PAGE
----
The Robert C. Byrd Center for Congressional History and Education will host its third Summer Fundraiser on Saturday, June 10 from 6 to 8 pm (rain or shine) on the grounds of historic Patterson’s Mill in Martinsburg. The event will support the Center’s civics education initiatives, including its intern program, and celebrate its twentieth anniversary as a non-profit organization on the campus of Shepherd University.
The fundraiser’s featured entertainer is pianist Bob Thompson. From street corner doowop gigs to house pianist on NPR’s Mountain Stage show, Bob Thompson is arguably West Virginia’s best loved jazz musician. Catering will be provided by the popular Taste of Greece food truck.
The Center’s mission is to promote a better understanding of Congress and the Constitution through its educational programs. As a non-profit organization, it must raise funds for staff and operations not covered by the State of West Virginia or Shepherd University. The fundraiser will allow the Center to continue to develop and expand its programs.
The main reason for supporting the Center’s programs, according to Dr. Ray Smock, Interim Director of the Center, who is back at the helm after retiring in 2018, “is because civics education and understanding of how government works is needed now more than ever.” He noted that the nation’s most recent report card on the scores of eighth graders for United States history and civics shows “we are going backward, not forward.” Only fourteen percent of students reached a proficient mark in U.S. history and twenty-two percent in U.S. civics. “Students need to know how government works. Compromise is the oil that makes Congress work. Today, we’ve run out of oil. We’ve forgotten how to compromise for the good of the country.”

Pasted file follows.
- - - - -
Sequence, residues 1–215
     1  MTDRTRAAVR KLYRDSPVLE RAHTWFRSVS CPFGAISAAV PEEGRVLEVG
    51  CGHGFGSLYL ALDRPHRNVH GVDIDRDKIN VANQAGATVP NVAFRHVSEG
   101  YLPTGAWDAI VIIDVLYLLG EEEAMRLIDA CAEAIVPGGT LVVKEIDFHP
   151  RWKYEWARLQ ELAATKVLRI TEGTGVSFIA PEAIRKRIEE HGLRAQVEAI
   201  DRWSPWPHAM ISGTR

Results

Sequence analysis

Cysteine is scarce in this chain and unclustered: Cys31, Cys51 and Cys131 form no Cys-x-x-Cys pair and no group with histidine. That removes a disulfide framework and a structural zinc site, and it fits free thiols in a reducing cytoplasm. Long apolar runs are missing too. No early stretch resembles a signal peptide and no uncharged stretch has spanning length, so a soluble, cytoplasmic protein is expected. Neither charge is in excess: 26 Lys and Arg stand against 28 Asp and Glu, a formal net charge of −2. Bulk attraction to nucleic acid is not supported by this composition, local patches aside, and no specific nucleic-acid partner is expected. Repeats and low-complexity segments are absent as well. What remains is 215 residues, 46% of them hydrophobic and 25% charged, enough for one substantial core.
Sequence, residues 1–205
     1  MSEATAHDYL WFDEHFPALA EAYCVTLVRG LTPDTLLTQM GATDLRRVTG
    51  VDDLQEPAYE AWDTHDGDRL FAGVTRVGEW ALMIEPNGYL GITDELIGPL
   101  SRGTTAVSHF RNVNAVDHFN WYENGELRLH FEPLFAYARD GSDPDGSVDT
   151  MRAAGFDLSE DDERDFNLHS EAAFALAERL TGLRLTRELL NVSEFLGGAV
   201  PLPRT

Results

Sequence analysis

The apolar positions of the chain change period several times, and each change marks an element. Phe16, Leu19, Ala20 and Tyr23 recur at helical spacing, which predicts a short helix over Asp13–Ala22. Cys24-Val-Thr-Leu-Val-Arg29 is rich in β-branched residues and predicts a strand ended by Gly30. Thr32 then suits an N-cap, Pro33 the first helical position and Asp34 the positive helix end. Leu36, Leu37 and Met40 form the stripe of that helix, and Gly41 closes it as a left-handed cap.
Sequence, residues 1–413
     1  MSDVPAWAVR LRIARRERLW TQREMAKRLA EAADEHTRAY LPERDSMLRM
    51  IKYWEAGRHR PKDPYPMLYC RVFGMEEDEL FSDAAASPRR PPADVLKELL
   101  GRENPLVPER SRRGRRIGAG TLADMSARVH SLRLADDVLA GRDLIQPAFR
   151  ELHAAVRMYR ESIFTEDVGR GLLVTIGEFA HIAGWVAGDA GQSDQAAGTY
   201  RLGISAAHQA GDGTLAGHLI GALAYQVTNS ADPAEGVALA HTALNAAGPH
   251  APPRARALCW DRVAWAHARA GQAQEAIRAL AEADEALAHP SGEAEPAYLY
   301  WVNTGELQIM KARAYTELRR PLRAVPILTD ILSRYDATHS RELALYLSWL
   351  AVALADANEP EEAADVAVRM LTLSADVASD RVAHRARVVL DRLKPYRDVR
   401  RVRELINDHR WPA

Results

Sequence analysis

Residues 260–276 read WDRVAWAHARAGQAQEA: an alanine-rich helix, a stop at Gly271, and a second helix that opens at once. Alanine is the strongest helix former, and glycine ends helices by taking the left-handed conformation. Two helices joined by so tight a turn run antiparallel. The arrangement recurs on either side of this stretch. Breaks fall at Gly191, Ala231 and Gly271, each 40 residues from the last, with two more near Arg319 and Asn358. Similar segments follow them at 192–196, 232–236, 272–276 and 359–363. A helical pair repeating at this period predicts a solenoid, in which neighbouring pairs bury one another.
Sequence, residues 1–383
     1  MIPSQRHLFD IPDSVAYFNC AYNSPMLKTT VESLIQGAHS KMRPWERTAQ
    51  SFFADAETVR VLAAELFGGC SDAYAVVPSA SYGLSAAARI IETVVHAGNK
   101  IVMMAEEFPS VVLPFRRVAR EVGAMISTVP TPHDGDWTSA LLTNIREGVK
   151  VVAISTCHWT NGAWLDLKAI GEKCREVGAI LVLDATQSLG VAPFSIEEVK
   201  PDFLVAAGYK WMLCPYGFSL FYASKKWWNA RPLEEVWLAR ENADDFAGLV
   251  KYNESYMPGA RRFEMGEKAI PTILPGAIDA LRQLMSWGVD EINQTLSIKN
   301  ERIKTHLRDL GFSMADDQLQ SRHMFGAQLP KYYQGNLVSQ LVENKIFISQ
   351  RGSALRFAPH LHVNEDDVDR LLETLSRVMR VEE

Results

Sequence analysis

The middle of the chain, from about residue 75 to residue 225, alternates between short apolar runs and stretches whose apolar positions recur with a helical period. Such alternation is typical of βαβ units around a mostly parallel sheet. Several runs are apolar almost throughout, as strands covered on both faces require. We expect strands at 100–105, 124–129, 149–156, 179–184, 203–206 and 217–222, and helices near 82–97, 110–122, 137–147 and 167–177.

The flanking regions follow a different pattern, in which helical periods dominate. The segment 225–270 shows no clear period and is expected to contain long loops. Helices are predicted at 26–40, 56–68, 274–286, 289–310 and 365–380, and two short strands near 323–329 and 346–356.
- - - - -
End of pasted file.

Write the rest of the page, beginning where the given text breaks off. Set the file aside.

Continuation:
The Center’s archives include the extensive office files of five West Virginia members of Congress, the largest being those of Senator Byrd, the longest serving Senator in U.S. history. The archives are the foundation for the Center’s U.S. history and civics programs.
Recently, the Center welcomed Matisha (“Tish”) Wiggs as its new archivist, whose role, among other duties, is to process its collection of congressional files so they can be used by scholars and other researchers. She will also direct the student internship program. Wiggs has these matters well in hand with an MSLS in Information and Library Science from the University of North Carolina at Chapel Hill, an MA in Public History, with a concentration in Historic Preservation, and a BA in American History.
Her first task is to organize the papers contained in 1600 file boxes of Robert Mollohan and his son Alan Mollohan who, combined, represented West Virginia in the House of Representatives for 46 years. Visitors to the file room containing floor-to-ceiling Mollahan file boxes will be impressed, if not buried. Smock expressed heartfelt confidence in the new archivist — “She understood immediately what had to be done.”
This summer, in partnership with Dr. Sylvia Bailey Shurbutt’s renowned Appalachian Studies program at Shepherd, the Center will offer a new approach to civics training with its “People Powered Program,” a modified version of the Center’s vaunted Teacher Institute program. The program, which provides continuing education opportunities for middle- and high-school teachers, will help teach civics from the viewpoint of people engaging with Congress to solve problems and shape the nation —the very definition of the democratic process. The Center’s congressional collection offers primary research material for this endeavor, whose goal is to “teach the teachers” who can then introduce this training throughout the state.
Summer Fundraiser Tickets are $150 per person. Visit the Byrd Center website for more details (ByrdCenter.org).By Lee Doty